Defining paediatric metabolic (dysfunction)-associated fatty liver disease: an international expert consensus statement

Lancet Gastroenterol Hepatol. 2021 Oct;6(10):864-873. doi: 10.1016/S2468-1253(21)00183-7. Epub 2021 Aug 6.


The term non-alcoholic fatty liver disease (NAFLD), and its definition, have limitations for both adults and children. The definition is most problematic for children, for whom alcohol consumption is usually not a concern. This problematic definition has prompted a consensus to rename and redefine adult NAFLD associated with metabolic dysregulation to metabolic (dysfunction)-associated fatty liver disease (MAFLD). Similarities, distinctions, and differences exist in the causes, natural history, and prognosis of fatty liver diseases in children compared with adults. In this Viewpoint we, an international panel, propose an overarching framework for paediatric fatty liver diseases and an age-appropriate MAFLD definition based on sex and age percentiles. The framework recognises the possibility of other coexisting systemic fatty liver diseases in children. The new MAFLD diagnostic criteria provide paediatricians with a conceptual scaffold for disease diagnosis, risk stratification, and improved clinical and multidisciplinary care, and they align with a definition that is valid across the lifespan.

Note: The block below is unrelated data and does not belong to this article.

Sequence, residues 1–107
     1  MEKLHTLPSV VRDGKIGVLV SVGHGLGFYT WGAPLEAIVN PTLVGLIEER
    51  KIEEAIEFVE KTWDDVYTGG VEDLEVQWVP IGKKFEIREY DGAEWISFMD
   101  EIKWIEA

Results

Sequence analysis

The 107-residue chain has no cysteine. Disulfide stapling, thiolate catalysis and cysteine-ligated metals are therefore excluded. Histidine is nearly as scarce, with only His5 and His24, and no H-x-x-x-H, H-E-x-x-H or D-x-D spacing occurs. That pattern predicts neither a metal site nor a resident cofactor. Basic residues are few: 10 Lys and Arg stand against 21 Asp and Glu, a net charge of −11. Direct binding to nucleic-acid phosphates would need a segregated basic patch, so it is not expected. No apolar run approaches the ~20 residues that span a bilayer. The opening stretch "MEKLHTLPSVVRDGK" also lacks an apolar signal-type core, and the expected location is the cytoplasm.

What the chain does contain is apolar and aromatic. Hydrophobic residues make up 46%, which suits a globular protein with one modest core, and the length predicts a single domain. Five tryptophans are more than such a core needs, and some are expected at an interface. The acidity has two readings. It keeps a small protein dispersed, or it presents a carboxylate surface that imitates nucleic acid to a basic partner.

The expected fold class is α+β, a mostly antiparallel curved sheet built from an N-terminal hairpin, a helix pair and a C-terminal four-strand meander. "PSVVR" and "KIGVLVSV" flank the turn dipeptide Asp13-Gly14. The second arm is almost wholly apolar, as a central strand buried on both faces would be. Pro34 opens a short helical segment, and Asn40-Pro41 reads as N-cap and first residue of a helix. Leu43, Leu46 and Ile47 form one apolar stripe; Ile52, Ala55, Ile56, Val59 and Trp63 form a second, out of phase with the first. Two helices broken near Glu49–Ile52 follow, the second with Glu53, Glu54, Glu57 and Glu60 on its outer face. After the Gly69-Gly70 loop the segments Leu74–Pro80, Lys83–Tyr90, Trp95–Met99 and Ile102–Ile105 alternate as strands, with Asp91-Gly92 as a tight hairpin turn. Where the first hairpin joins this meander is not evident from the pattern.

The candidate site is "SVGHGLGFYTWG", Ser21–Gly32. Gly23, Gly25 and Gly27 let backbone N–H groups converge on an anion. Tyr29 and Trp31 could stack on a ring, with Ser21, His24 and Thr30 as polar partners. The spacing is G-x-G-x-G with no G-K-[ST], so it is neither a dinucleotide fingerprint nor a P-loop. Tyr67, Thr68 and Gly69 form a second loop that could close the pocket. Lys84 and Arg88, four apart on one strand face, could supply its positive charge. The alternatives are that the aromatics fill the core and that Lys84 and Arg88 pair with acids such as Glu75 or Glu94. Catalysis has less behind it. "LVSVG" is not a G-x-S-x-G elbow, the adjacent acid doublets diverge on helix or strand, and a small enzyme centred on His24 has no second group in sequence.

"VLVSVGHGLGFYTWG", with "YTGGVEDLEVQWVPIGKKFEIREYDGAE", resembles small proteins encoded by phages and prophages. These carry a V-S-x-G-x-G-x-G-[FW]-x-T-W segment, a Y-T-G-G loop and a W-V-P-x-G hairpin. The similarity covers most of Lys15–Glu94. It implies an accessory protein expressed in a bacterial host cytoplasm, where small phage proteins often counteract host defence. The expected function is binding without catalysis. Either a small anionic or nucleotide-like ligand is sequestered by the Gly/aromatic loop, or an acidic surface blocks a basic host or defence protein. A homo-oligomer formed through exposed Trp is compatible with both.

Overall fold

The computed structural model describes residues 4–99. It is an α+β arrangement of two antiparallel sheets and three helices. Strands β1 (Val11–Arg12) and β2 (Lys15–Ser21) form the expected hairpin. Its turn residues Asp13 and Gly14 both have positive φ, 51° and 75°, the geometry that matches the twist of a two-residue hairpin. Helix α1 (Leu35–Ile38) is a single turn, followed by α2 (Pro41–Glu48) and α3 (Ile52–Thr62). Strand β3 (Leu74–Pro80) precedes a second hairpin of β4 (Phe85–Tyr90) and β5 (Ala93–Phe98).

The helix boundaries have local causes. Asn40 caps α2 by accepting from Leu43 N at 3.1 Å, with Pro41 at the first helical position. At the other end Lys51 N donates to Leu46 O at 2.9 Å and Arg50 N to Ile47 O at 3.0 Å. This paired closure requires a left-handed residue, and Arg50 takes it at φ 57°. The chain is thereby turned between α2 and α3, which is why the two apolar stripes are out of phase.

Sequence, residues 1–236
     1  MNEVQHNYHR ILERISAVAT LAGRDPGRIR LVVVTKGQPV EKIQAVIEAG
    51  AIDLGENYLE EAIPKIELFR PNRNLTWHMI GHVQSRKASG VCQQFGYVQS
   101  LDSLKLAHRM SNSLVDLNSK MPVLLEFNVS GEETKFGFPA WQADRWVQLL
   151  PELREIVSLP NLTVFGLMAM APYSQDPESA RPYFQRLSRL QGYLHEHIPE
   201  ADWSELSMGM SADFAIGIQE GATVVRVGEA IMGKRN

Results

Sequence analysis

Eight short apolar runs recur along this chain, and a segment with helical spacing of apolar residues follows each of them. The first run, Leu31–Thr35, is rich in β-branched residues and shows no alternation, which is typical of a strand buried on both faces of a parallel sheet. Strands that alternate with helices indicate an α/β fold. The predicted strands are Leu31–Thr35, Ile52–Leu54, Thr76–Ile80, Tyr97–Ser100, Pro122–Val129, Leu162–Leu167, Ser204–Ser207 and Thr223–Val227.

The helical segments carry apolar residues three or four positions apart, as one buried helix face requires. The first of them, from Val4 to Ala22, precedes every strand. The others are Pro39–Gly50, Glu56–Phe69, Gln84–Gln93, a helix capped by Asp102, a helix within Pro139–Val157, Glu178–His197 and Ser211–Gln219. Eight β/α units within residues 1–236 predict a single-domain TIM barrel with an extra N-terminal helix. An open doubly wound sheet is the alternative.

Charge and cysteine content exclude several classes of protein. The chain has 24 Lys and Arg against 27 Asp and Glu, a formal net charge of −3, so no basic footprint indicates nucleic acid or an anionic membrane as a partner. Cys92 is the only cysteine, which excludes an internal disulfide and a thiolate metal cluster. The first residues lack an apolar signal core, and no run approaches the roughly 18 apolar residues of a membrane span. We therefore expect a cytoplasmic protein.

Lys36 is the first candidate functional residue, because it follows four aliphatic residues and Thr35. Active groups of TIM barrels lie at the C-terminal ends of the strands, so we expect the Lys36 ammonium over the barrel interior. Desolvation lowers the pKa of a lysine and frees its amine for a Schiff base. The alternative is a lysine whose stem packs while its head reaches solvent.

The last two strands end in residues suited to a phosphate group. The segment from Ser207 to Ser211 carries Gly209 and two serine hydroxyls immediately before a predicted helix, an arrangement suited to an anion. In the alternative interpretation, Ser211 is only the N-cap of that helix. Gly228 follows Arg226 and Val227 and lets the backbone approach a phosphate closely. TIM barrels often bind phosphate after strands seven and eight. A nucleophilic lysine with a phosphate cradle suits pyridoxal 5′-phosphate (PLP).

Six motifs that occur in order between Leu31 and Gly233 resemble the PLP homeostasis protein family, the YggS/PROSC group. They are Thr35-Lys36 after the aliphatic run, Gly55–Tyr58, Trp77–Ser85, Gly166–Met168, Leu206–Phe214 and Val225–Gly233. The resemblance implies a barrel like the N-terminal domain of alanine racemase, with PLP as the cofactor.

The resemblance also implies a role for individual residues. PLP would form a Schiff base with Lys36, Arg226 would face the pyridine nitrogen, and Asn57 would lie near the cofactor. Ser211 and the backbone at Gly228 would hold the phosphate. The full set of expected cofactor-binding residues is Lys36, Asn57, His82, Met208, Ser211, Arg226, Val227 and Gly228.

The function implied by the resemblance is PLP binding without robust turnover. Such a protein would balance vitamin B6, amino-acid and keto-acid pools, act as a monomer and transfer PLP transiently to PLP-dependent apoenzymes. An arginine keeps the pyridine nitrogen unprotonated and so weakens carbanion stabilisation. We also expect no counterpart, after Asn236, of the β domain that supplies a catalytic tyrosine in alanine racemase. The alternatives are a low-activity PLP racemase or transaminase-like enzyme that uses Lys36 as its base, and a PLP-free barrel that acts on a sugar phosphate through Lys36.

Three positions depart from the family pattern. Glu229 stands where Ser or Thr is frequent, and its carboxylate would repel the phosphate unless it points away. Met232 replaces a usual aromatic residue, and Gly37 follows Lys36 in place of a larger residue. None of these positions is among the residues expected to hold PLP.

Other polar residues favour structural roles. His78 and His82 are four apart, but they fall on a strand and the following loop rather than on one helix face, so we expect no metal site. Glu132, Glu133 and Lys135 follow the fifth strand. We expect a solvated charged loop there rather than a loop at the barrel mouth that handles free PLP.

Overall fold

Publication types

  • Research Support, Non-U.S. Gov't
  • Review

MeSH terms

  • Adolescent
  • Adult
  • Child
  • Consensus
  • Disease Progression
  • Female
  • Humans
  • Insulin Resistance / physiology
  • Interdisciplinary Communication
  • Male
  • Metabolic Syndrome / complications*
  • Metabolic Syndrome / epidemiology
  • Metabolic Syndrome / physiopathology*
  • Non-alcoholic Fatty Liver Disease / diagnosis*
  • Non-alcoholic Fatty Liver Disease / epidemiology
  • Non-alcoholic Fatty Liver Disease / etiology*
  • Non-alcoholic Fatty Liver Disease / pathology
  • Obesity / complications
  • Obesity / epidemiology
  • Prevalence
  • Prognosis
  • Randomized Controlled Trials as Topic
  • Risk Factors
  • Severity of Illness Index